In October last year, an almighty spat broke out between lawyers in Hamburg, Germany, and Wolters Kluwer which was providing the market with a document automation/generation system called Smartlaw – see Artificial Lawyer article here. Some local lawyers were not happy that a tech and legal data company was in effect selling legal documents to the public without a lawyer engaged in the process.
That case has now moved forward and last Friday (15 May 2020) the Cologne Higher Regional Court made some preliminary comments.
As Artificial Lawyer’s very limited German language skills have not been refreshed since the mid-1980s, Dirk Hartung, Executive Director Legal Technology – Bucerius Law School, has kindly offered to provide an English language overview of what happened and what it means, in part based upon a German report. Please see below.
The reason why this one matters so much is that if it became ‘normal’ for courts in Europe to forbid the use of self-service doc automation/doc creation tools without a lawyer being explicitly involved in the process, then it would have a significant impact on several companies. It could also set a precedent for more fights against other forms of tech solution in Europe that provide services and products to clients without a lawyer present.
‘The Hamburg Bar Association sued Wolters Kluwer over their offering of Smartlaw. They offer an online contract generator, which guides the user through a series of interview questions to customize a contract based on different templates. The Hamburg Bar believes that this is offering a legal service, which falls under the German Legal Services Act’s unauthorized practice of law regime. Their case rests on two arguments:
- Offering contract generation is a legal service, for which Wolters Kluwer has no license
- Wolters Kluwer engaged in unfair competition and misled their customer
In the oral hearing last Friday, the Cologne Higher Regional Court, presented its preliminary results to the parties for comments and to ask for clarifications, which is standard procedure as civil litigation in Germany is mostly in writing with one formal oral hearing to exchange arguments, hear witnesses and possibly settle.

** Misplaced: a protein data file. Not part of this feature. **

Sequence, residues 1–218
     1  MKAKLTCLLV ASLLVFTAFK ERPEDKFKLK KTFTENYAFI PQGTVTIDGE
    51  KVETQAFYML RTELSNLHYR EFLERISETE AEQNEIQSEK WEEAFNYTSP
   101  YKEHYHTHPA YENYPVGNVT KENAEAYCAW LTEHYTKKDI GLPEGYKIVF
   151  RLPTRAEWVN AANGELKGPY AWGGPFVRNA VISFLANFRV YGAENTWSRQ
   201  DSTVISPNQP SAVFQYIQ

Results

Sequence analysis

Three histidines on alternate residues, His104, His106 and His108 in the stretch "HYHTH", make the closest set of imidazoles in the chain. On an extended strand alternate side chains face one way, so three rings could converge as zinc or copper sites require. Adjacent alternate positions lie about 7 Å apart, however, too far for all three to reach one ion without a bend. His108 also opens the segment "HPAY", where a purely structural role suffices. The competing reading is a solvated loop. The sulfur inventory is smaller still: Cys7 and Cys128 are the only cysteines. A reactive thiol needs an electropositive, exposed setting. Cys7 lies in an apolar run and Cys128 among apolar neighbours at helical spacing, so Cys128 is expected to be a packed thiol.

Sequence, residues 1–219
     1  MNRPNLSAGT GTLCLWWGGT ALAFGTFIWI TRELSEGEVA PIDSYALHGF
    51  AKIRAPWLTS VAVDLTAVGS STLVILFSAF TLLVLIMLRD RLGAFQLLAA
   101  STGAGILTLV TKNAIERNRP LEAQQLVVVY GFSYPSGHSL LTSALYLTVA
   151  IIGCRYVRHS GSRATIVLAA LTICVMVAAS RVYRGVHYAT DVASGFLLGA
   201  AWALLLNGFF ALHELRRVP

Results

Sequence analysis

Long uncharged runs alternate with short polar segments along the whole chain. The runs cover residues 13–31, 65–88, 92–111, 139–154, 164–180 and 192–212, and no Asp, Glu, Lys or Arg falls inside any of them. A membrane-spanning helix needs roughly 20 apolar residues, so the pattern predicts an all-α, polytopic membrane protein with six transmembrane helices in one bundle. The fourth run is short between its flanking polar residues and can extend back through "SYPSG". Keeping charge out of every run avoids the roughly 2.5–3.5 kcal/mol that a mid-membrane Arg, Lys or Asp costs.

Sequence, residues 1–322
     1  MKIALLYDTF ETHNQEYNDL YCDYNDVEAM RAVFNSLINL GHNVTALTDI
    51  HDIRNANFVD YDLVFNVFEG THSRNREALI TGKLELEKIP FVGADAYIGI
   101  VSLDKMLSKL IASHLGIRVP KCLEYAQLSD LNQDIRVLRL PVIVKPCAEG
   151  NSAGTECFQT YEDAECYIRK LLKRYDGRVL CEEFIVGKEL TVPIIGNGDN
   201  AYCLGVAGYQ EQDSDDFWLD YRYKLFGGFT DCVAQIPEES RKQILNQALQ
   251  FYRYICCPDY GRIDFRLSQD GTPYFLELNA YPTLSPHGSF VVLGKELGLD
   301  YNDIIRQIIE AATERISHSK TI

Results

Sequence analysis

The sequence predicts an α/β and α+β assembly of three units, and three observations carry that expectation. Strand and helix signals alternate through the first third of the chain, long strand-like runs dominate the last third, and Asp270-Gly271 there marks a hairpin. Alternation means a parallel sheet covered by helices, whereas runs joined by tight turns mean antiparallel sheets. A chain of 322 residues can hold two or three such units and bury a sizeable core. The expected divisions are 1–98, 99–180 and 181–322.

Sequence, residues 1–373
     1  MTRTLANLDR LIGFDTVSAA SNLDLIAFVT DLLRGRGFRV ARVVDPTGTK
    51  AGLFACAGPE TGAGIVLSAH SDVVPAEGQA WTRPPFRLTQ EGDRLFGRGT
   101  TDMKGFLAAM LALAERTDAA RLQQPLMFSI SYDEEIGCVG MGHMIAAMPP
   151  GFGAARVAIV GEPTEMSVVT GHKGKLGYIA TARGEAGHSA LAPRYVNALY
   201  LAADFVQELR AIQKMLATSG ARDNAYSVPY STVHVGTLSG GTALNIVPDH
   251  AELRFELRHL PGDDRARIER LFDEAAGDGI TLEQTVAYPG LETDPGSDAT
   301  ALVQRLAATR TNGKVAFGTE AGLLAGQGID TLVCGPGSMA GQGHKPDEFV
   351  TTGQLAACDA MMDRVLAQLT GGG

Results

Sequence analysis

The first point on unauthorized practice of law (UPL) is the more generally interesting one as there is no clear decision yet, whether offering contract generators constitutes practice of law. Typically, practice of law requires legal advice of another party in an individual case. This is is highly doubtful as I pointed out in an earlier statement last fall. The court consequently doubts whether there is actually advice to another party as the user typically uses the contract generator for themselves.
The fact that someone else wrote the code and set up the logic behind the dialogue system does not change this and the court believes this to be in agreement with the legislative intention of the German Legal Services Act. The court also pointed to an obiter dictum of the Federal Court of Justice in a very prominent case last November about using the exception for debt collection for legal technology business models.
Germany’s highest court for civil matters therein stated doubts that a mere automated calculator for rent reduction based on an expert system (the case dealt with the rent control offering wenigermiete.de) actually constituted any legal advice at all. The Cologne court further said that generally legal services require human activity and so that computer programs do not offer legal services.
Consumers would understand that the generated contract is not the result of actual human advice and not expect individual advice. The expert system is, in the words of the court, a mere advancement of existing contract templates and a useful digital tool. The Legal Services Act is not meant to protect lawyers from competition.
The second point on unfair competition would likely be upheld as Wolters Kluwer marketed the offering with terms such as ‘faster and quicker than a lawyer’, ‘legal documents in lawyer quality’, ‘more individual and safer than any template and chapter than a lawyer’, and ‘legal documents in lawyer quality – in cooperation with our legal experts – all of them experts in their fields’ – ‘we have developed the creation process to mimic the conversation with a lawyer’.
The court believes that this is misleading potential clients alleging the software provides the same service as a lawyer. Wolters Kluwer had previously deleted these parts of their marketing and has retracted its appeal regarding this issue after the clarification.
The decision will be pronounced on June 19th, but it seems that on the central matter of UPL the court will side with Wolters Kluwer. The court will probably allow an appeal to the Federal Court of Justice where the Senate for competition law would have to decide whether or not to agree with its colleagues from the tenancy law senate.
[Note: For full disclosure it should be stated that the article that I am rephrasing above appeared in Legal Tribune Online, which is owned by Wolters Kluwer. The author, Martin Huff, who should be credited with reporting this first, is a renowned veteran lawyer and journalist. He was the head of communications of Wolters Kluwer and is currently the CEO of the Cologne Bar Association.’]
By Dirk Hartung, Executive Director Legal Technology – Bucerius Law School, Hochschule für Rechtswissenschaft gGmbH, Hamburg, Germany.
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